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As large U.S. companies finalize their decisions about incentive payouts for 2008 and equity awards for 2009, they are giving significant weight to examining their year-end results and the current economy, according to a Mercer survey on annual and long-term incentives.
The survey report, Weathering the Storm in 2009, includes responses from nearly 200 U.S. organizations that have a median annual revenue of $2.9 billion. The majority of participating companies were still finalizing their decisions at the time the survey was fielded, but of those that had made early decisions by December 2008, approximately one-fifth are making changes to prior practices.
“Most companies will finalize their plans in early 2009, assessing how to respond to the volatile economic environment on a ‘just-in-time’ basis,” says Bruce Greenblatt, a principal in Mercer’s executive remuneration consulting business. “We expect the decisions of our survey’s early deciders to be a bellwether of how things will play out.”
A theme observed among many of those who have made early decisions is an anticipated reduction in long-term values for 2009. Other trends include:
“The early deciders are telling us that 2009 may be a game-changer for long-term incentive granting practices. Many companies are anticipating long-term incentive values that are lower than 2008 levels, perhaps a cut by 10 to 30 percent,” says Greenblatt.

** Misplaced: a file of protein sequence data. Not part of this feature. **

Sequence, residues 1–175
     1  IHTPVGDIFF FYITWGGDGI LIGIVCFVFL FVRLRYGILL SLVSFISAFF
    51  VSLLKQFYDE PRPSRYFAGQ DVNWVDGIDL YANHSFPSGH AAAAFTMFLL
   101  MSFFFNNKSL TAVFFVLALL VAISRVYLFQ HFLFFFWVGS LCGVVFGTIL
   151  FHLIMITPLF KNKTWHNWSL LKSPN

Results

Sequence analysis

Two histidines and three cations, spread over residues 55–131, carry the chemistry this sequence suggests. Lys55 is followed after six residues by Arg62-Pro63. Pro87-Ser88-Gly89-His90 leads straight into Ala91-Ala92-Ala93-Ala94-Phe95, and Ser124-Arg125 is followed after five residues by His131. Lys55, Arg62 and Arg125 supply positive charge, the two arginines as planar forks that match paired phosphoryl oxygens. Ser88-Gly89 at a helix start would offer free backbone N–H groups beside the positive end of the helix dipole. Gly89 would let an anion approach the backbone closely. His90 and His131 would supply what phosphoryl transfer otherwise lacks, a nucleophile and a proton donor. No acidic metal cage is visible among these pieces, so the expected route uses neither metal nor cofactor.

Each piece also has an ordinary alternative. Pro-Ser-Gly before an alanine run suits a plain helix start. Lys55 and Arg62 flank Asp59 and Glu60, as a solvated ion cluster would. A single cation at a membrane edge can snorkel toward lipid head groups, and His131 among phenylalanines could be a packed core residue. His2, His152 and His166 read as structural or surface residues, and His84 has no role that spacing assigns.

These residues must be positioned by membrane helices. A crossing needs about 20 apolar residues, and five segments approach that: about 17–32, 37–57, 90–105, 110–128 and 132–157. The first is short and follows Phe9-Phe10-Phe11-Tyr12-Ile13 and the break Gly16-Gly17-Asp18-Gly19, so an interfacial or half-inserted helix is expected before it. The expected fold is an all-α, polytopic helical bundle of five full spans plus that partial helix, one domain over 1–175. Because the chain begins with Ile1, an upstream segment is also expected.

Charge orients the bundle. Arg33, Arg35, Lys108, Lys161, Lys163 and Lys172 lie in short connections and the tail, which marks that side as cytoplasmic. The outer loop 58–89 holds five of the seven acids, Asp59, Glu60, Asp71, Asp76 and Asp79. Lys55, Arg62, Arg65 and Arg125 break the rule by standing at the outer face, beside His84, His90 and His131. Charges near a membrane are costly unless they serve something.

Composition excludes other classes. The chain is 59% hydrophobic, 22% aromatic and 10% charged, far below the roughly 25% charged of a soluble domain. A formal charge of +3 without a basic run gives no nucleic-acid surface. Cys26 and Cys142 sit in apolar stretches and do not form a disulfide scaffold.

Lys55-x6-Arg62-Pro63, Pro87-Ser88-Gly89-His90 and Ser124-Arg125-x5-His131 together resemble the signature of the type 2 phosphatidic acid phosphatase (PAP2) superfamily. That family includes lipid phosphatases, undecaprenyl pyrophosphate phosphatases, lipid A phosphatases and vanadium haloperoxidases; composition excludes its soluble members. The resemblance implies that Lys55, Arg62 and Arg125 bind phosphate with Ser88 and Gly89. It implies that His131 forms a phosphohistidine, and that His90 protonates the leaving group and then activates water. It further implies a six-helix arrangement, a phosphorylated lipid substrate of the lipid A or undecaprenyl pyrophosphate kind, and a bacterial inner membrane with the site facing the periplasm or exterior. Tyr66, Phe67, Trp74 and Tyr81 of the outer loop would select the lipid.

---------------------------------------------Many anticipate long-term incentive valuescut by 10% to 30% from 2008 levels.---------------------------------------------
“Furthermore, while the number of shares granted may be flat or increase, the value delivered in 2009 will be lower than 2008 at many companies given current stock price levels,” he explains.
Long-Term Incentive Programs
Annual Incentive Programs
According to Mercer’s survey, the impact of the economy on company performance is reducing annual incentive payouts for 2008 performance. Nearly two-thirds (64 percent) of companies are expecting below-target annual incentive payouts.
However, 29 percent are considering some form of a discretionary award to select employees or all eligible participants—illustrating that companies recognize top talent have choices and needs to be appropriately rewarded for their contributions even in a difficult economic environment.
“With market tumult comes opportunity,” says Greenblatt. “Companies in this game-changing environment have a unique opportunity to determine how best to configure their executive rewards and talent management strategies to align with key business objectives.”
Action Steps: Revising Long-Term Incentives
Mercer recommends that companies evaluate a range of factors to determine how best to revise their long-term incentives (LTI) programs for 2009, including:
Stephen Milleris an online editor/manager for SHRM.
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